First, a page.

How To Select A Strong Company Name Or Product Name
|Prepared By: Melissa C. Marsh, Los Angeles Business Attorney
Written: November 2000
I often tell my clients that their most important asset is their name. Why? Because more often than not, its not a product or service they are selling, but their name. A client with a great product or service, can be served well by a great name. So what's in a great name? A great name should be catchy and memorable, should create interest in the product or service, and most importantly be registerable as a trademark or service mark - that is capable of registration on the principal register maintained by the United States Patent and Trademark Office ("USPTO"). For simplicity sake, this article uses the word "trademark" to refer to both trademarks and service marks.
A trademark is a name, slogan, and/or design that tells the consumer the origin of a company's products (services) and distinguishes the company's goods (services) from those of a competitor. A common problem in selecting a trademark is the temptation to use a descriptive or generic name - a mark that directly conveys a characteristic of the goods. This has become even more common place in recent years with the growth and popularity of the internet. Unfortunately, generic terms can never function as a trademark, absent proof of a secondary meaning. Descriptive names face similar difficulties.
On the other hand, arbitrary and coined marks are inherently distinctive and do not require proof of a secondary meaning to obtain federal registration. An arbitrary mark is one that has absolutely no connection with the goods, such as AMAZON bookstore or GATEWAY computer. A coined mark is one that has been invented to function solely as a trademark, such as VERIZON yellow pages, CLOROX bleach, or KODAK film. Suggestive marks, albeit inherently distinctive, often can be construed to be suggestive and descriptive, since they merely suggest a quality or ingredient of the goods. Examples of some suggestive marks include: AT A GLANCE for calendars and COPPERTONE for sun tan oil.
So how do you select a name for your goods or services? Stay away from genic, descriptive, and non- inherently distinctive marks. Also, while coined marks can be strong marks, often more time, effort, and money is necessary to promote a coined mark (e.g. brand your product or service). Likewise, suggestive marks can also be strong, but the registrant must first convince the USPTO that the mark is suggestive and not descriptive. Therefore, the best marks border between suggestive and arbitrary or coined.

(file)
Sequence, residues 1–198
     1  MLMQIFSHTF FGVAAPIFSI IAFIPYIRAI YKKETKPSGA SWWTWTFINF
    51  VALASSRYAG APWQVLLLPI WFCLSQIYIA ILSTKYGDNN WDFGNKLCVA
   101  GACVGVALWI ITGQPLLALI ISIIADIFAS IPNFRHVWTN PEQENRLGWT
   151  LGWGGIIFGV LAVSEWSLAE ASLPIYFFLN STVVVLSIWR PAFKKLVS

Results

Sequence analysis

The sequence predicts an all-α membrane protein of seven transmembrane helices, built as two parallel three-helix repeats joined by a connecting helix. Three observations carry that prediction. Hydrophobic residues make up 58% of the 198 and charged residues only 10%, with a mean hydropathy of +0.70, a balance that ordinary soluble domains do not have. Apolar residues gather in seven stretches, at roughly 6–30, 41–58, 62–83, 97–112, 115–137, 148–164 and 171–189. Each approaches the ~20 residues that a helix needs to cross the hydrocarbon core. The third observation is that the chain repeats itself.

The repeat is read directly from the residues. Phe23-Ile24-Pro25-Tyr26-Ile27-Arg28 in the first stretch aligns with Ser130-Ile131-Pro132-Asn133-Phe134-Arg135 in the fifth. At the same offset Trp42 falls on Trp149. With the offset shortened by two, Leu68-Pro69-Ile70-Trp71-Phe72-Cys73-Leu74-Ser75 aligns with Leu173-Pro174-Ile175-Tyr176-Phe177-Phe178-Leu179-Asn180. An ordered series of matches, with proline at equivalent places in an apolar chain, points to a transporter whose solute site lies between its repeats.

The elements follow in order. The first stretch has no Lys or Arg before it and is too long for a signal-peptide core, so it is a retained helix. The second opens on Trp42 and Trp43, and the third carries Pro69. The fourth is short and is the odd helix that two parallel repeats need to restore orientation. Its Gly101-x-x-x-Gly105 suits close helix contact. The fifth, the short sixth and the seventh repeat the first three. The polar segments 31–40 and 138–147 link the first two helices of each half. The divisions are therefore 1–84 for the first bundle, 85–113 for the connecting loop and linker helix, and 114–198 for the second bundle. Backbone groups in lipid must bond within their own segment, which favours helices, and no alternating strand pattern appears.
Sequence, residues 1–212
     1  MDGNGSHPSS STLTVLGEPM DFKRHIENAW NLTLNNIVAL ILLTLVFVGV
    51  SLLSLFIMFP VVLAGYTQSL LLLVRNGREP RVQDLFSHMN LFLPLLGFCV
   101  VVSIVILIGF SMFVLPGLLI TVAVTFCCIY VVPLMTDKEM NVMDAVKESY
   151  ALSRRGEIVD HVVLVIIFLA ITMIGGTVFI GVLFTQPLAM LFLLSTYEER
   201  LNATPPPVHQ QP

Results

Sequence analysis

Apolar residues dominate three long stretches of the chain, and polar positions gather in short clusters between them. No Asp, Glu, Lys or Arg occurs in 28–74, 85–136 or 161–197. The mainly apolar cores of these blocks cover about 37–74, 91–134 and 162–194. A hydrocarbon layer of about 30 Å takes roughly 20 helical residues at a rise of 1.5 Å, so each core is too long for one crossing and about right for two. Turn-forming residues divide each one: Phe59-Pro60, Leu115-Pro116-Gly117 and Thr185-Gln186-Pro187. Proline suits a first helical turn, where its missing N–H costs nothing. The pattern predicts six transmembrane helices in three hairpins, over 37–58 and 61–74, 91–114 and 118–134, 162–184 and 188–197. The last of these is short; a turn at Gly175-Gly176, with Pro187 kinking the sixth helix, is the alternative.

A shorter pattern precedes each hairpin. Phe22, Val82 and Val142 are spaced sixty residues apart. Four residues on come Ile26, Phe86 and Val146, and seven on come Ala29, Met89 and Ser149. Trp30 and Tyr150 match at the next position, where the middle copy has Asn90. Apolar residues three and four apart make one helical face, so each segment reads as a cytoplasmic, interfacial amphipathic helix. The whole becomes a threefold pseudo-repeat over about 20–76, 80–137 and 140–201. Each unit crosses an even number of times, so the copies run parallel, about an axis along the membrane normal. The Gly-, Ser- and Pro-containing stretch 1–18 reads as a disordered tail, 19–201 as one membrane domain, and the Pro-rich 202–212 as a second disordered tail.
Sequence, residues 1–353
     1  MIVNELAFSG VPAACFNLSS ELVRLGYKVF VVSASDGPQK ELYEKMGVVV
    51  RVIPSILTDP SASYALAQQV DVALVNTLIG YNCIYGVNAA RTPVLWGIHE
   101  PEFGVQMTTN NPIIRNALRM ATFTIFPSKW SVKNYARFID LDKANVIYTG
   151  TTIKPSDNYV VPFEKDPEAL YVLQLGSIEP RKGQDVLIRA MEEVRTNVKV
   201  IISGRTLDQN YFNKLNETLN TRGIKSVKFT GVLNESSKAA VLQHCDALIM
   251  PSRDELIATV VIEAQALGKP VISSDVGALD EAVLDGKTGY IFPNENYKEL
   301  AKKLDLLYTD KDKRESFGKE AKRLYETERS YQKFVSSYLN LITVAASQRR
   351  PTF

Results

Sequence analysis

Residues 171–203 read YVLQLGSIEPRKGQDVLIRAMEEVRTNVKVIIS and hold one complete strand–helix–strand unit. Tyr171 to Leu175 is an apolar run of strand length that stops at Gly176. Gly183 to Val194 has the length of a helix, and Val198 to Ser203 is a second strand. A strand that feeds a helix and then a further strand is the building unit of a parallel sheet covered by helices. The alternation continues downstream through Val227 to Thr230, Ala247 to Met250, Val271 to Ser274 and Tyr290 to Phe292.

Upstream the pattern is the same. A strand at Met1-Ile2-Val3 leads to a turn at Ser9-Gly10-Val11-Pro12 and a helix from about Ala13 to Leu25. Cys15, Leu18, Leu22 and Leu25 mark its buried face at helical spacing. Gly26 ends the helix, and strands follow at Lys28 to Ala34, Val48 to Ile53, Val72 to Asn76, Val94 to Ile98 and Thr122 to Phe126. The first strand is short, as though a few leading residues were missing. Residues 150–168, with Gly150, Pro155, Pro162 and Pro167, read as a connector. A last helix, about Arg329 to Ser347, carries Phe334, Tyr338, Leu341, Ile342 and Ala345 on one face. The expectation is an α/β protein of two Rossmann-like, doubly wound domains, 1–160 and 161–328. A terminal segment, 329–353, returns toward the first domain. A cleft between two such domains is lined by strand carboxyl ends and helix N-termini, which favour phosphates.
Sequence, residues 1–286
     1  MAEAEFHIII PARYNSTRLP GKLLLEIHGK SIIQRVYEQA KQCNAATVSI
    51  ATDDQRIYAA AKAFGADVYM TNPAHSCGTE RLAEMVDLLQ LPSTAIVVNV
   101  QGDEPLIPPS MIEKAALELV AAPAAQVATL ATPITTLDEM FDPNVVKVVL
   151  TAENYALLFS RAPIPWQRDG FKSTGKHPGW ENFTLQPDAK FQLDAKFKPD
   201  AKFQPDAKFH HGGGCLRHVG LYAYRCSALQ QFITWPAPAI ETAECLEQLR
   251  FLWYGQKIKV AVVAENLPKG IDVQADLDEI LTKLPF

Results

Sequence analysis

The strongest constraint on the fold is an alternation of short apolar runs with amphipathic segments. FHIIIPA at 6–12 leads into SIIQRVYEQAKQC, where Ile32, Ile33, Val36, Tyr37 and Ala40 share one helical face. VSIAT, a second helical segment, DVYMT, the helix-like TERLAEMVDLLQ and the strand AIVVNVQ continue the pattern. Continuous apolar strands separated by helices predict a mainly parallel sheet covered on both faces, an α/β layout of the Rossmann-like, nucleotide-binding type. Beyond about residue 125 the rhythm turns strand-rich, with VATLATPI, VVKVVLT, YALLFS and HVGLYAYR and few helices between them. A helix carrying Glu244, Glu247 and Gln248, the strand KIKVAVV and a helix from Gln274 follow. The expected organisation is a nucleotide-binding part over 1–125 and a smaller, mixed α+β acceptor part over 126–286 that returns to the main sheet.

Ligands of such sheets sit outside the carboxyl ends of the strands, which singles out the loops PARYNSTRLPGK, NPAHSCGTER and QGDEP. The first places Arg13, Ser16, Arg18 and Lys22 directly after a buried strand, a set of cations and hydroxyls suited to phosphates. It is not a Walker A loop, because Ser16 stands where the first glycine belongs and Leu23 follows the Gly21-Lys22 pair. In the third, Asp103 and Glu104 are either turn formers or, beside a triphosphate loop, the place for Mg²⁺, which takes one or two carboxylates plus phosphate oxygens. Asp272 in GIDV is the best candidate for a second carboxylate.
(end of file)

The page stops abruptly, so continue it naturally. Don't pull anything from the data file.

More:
So how do you come up with the best name? First, focus on your product (service) and its intended (targeted) consumer. Describe your product (service) simply, look at your description, and then write down all of the words that come to mind. For example, when naming a computer, you might note qualities of fast, reliable, sleek, and efficient. Then ask your friends, employees, and co-workers to brainstorm and scan through resource material and select other terms that you feel may be adaptable to a trade name. The longer the list, the more words you will have to creatively play with. Also, if not to costly, consider hiring a professional naming company. Second, play with the words by combining them, shortening them, changing certain letters, using alliteration, rhyme, and vowel harmony to come up with 20 to 50 potential names. Third, narrow your list to the top best 10 names by asking various questions (Is it easily pronounced? How will it sound on the radio, tv, or telephone? Will people be able to spell it after hearing it only once? Will you outgrow it? Will it become passe? Is it to trendy? Is it too generic? Is it to descriptive?). Forth, narrow the top 10 names to 5 by testing each name. This can be done by either enlisting a market research company, or if too costly, using your friends, family, and co-workers. Fifth, be prepared to go with any name on that top 5 list. Finally, have a trademark search performed to ensure that no one is already using the same or similar names selected.
In sum, try a come up with an inherently distinctive name, while keeping your targeted customer base in mind. Then have a trademark search conducted on the proposed selected name, and consult an attorney for help performing a search and registering your proposed mark.
If you have any questions, or would like the assistance of trademark lawyer, Melissa C. Marsh, please call 818-849-5206 or Email: Melissa C. Marsh.
California trademark lawyer, Melissa C. Marsh, is based in Sherman Oaks and West Hollywood, and serves individuals and businesses throughout Los Angeles County, including: West Hollywood, Miracle Mile, Beverly Hills, Century City, Santa Monica, Burbank, North Hollywood, Valley Village, Toluca Lake, Studio City, Sherman Oaks, Van Nuys, Encino, and Woodland Hills.
© 2000 Melissa C. Marsh. All Rights Reserved.